By Chevon T. Baccus APR
Executive Editor 

City Approves New Name: Lake Wales History Museum

Many Locals Still Call it the "Depot"


Last updated 5/23/2019 at 10:25am

To continue focusing on its mission and to promote brand awareness the Lake Wales Museum and Cultural Center has been renamed the Lake Wales History Museum.

The Lake Wales City Commission Tuesday, May 21 approved the name change, recommended by Museum Director Jennifer D'Hollander.

"As an established resource in the Lake Wales community, the museum has included many different activities over the years. Today, the museum looks to the future as a focused, vibrant center focused on historic preservation and community engagement," D'Hollander wrote in her explanation for the name change. "The museum has always been about history. The name 'Lake Wales History Museum' better serves our community and visitors as it clearly conveys the museum's focus on history."

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Library Director Tina Peak, who oversees the Museum staff, told commissioners people still stop by the museum thinking they can buy train tickets there since it is housed in the old train Depot. The renaming will help reduce confusion and focus on the mission, she said. Vice Mayor Robin Gibson said the renaming, (removing cultural center and inserting history), would eliminate confusion with the Lake Wales Arts Center. He said both the arts center and museum are doing well: "Each are unique. I like the fact that the name change reflects the mission."

Complimenting D'Hollander's active pursuit of grant funds and expressing approval for the name change, City Commissioner Curtis Gibson asked for the city to consider some sort of special recognition at the Museum for former Director Mimi Hardman, a volunteer who oversaw the museum for nearly 40 years and brought millions of dollars in historic preservation grants to the city. He suggested a photo with a plaque or possibly naming a room after her.

Mayor Eugene Fultz voiced his support for the idea: "Mrs. Hardman put so many years into it and the historic value of our community and that was one of her babies, one of her pet projects."

Fultz noted despite a lack of staff and funding, Hardman kept the museum operating for many years. For some time the museum was operated by the Lake Wales Historic Association, but concerned about its financial stability the city took it back in 2015 in a controversial move that included physically ejecting the 80-year-old Hardman from the building.

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Peak said D'Hollander had a photo of Hardman above her desk and the museum occasionally displays a photo of her in her patriotic dress, but she would look into some more permanent recognition.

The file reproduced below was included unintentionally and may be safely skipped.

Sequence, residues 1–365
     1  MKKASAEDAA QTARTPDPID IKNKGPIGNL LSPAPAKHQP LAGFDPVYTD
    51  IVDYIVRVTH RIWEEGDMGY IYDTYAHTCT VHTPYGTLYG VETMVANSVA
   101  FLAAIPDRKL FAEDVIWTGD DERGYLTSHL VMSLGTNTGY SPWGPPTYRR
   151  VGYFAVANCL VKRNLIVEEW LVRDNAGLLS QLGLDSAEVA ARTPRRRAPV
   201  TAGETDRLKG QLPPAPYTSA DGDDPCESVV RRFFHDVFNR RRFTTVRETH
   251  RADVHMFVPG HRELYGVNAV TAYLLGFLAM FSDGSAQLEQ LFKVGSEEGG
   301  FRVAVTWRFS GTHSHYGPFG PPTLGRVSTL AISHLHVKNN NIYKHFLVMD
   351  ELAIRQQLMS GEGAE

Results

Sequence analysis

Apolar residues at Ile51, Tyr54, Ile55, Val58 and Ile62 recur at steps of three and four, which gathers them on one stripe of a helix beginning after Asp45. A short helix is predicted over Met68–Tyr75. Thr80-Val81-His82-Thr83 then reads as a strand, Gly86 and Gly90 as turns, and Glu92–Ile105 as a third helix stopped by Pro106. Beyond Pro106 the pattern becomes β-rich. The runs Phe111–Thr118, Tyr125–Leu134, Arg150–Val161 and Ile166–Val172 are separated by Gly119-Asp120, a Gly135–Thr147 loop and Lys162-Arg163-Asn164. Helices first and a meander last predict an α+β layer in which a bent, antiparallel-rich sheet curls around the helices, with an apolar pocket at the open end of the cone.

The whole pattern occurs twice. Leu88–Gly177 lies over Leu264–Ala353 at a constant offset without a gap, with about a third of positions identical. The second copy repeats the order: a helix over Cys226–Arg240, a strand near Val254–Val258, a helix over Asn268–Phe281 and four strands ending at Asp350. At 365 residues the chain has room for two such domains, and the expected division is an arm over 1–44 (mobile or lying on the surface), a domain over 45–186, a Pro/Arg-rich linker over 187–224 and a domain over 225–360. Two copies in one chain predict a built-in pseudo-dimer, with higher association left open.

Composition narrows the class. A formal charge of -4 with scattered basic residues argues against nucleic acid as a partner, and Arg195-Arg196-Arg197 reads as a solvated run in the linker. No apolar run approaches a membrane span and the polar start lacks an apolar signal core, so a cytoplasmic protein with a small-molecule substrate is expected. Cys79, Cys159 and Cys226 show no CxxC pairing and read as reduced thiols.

D'Hollander said that "as part of the museum's new vision for the future, this name change signifies the museum's commitment to bringing the historic preservation of Lake Wales forward and aligns our mission to the goals of our strategic plan."

She said future plans call for creating a long-range plan to restore the museum's train cars and historic buildings, better collection storage facilities and a new master plan for the historic corridor spanning from the current museum at Polk Avenue and Scenic Highway to the 1920 Stuart Dunn Oliver House on Central Avenue. The Museum is now attracting upwards of 7,500 visitors annually and now can tour a newly restored 1926 Seaboard Air Line Railroad caboose, the 1916 Pullman passenger car and 1944 US Army locomotive engine.

Museum programs and exhibits will focus on community heritage and the continuation of offering nationally-recognized historical traveling exhibits, speaker series, the new history bus tour, and long-standing signature heritage event, Pioneer Days Festival, D'Hollander said. This summer, the museum will develop and write new educational curriculum and field trips for students underwritten by a grant awarded from the Mountain Lake Community Service organization.

A project of the 1974 Lake Wales Bicentennial Commission, headed by Hardman, the museum was established in 1974. To date 60 percent of its 20,000-item collection has been inventoried and stored in a new offsite facility. Located at 325 S. Scenic Highway in Lake Wales, the Museum is open 9 a.m. to 5 p.m. Tuesday through Saturday. Admission is free, but donations are accepted.

D'Hollander earlier this year hosted a director's lunch and unveiled a strategic plan for the Museum. She said she would be calling on people to support fundraising and implementation of a strategic plan, which lays out ambitious plans for the Museum between now and 2026, when it will celebrate its 50th anniversary. The focus is on four key strategies in Preservation, Engagement, Promotion and Growth. A copy of the Museum strategic plan is available online at

Author Bio

Chevon T. Baccus APR, Contributing Writer

After working as a newspaper reporter and editor for eight years, Chevon moved on to a long career in public relations, marketing and business development. After 2 1/2 years as founding publisher of she's happy to still be an occasional contributor.

Email: [email protected]
Phone: 8636511065


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